The beautiful landscapes of Ireland
The panoramic views, the sea wind in your hair, the trails untaken: no matter your location, the island of Ireland’s landscapes are something to behold
The island of Ireland may be small, but it's home to some of the most dramatic and impactful landscapes in the world. Whether it’s overlooking the Fermanagh Lakelands, or trekking through the rolling hills of Connemara, this beautiful land will leave you transformed.
The steep cliffs and wide sandy beaches form a landscape that is full of adventure. At the same time, these other-worldly backdrops are a refuge for lively fishing villages such as Dunmore East in County Waterford and County Kerry’s Dingle, which have some of the best seafood you’ve ever tasted.
Every inch of this country has a story to tell, from the most northernly point of Malin Head in County Donegal down through the towering Cliffs of Moher, buffeted by the ever-present Atlantic Ocean along the County Clare coast, arriving safely in the southern town of Kinsale in County Cork.
The Wild Atlantic Way will amaze you with its untamed nature, and the locals will warm your heart with their wicked wit and charm. Set sail to the Aran Islands where local communities continue age-old traditions, so don’t be surprised if you hear the Irish language being spoken as you trek across remarkable peninsulas, pass through friendly villages or sit in a cosy pub, listening to the chat among the patrons.
Step into Ireland’s Hidden Heartlands, famous for its tobacco-coloured boglands, meandering waterways and woodlands humming with wildlife. With walking trails that weave through some of the island’s most tranquil spaces, you’ll find a quiet beauty here to rival the more dramatic scenery of mountains and coast.
Pause and listen to the natural sound of Fowley’s Fall in County Leitrim, where the Glenariff River crashes down a series of drops towards Lough Melvin. Ballycuggaran in County Clare is a popular spot among locals and has one of the three Blue Flag Beach on Lough Derg. Visitors are more than welcome to walk around the idyllic park, or hop in the lake for a refreshing swim.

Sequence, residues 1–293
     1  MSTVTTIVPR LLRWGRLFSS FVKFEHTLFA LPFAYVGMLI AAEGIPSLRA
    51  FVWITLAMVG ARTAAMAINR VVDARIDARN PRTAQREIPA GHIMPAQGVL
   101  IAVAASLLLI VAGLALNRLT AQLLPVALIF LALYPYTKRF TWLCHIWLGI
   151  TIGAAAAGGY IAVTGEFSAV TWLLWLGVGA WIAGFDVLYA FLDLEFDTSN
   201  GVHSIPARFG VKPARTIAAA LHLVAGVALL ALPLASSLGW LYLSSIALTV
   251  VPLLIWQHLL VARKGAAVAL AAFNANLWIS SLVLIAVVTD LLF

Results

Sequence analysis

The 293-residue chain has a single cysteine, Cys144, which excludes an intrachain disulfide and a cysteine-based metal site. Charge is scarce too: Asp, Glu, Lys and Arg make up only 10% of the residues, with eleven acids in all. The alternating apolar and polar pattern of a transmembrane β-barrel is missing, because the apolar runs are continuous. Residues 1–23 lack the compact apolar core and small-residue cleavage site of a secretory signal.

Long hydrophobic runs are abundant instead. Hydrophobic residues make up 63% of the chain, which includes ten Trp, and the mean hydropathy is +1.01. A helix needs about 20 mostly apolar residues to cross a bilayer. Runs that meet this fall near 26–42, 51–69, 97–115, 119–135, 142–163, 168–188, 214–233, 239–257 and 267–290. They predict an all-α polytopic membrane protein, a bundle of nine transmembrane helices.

Take a trip around Ireland’s Ancient East, a route that stretches from the Boyne Valley in County Meath, all the way down to Waterford’s Viking Quarter and setting sail to Cork’s Spike Island, known as Ireland's Alcatraz.
There’s plenty of amazing landscapes to enjoy a long the way too, including the Hook Peninsula in County Wexford which is full of stunning vistas, historical monuments, sandy beaches and beautiful gardens.
Head north and you’ll discover Northern Ireland’s largest mountain range, the Mourne Mountains – these snowy peaks inspired Belfast-born C.S Lewis to create the epic book series, Narnia. Along the epic Causeway Coast, the UNESCO World Heritage Site of the Giant’s Causeway is a landscape like no other. Born from an ancient volcanic fissure eruption, the 40,000 interlocking basalt columns are a mesmerising sight, a natural staircase to a breathtaking horizon.
Wherever your destination, the island of Ireland is an adventurer’s paradise, offering a bevy of natural highlights and memorable moments.
Boyne Valley Activities
Boyne Valley Activities ist ein lebendiger Anbieter von Aktivitäten, der eine breite Palette von Aktivitäten auf dem Wasser und an Land im Herzen des Boyne Valley mit Stützpunkten in Trim, Athboy und Slane anbietet und Aktivitäten für jedermann anbietet.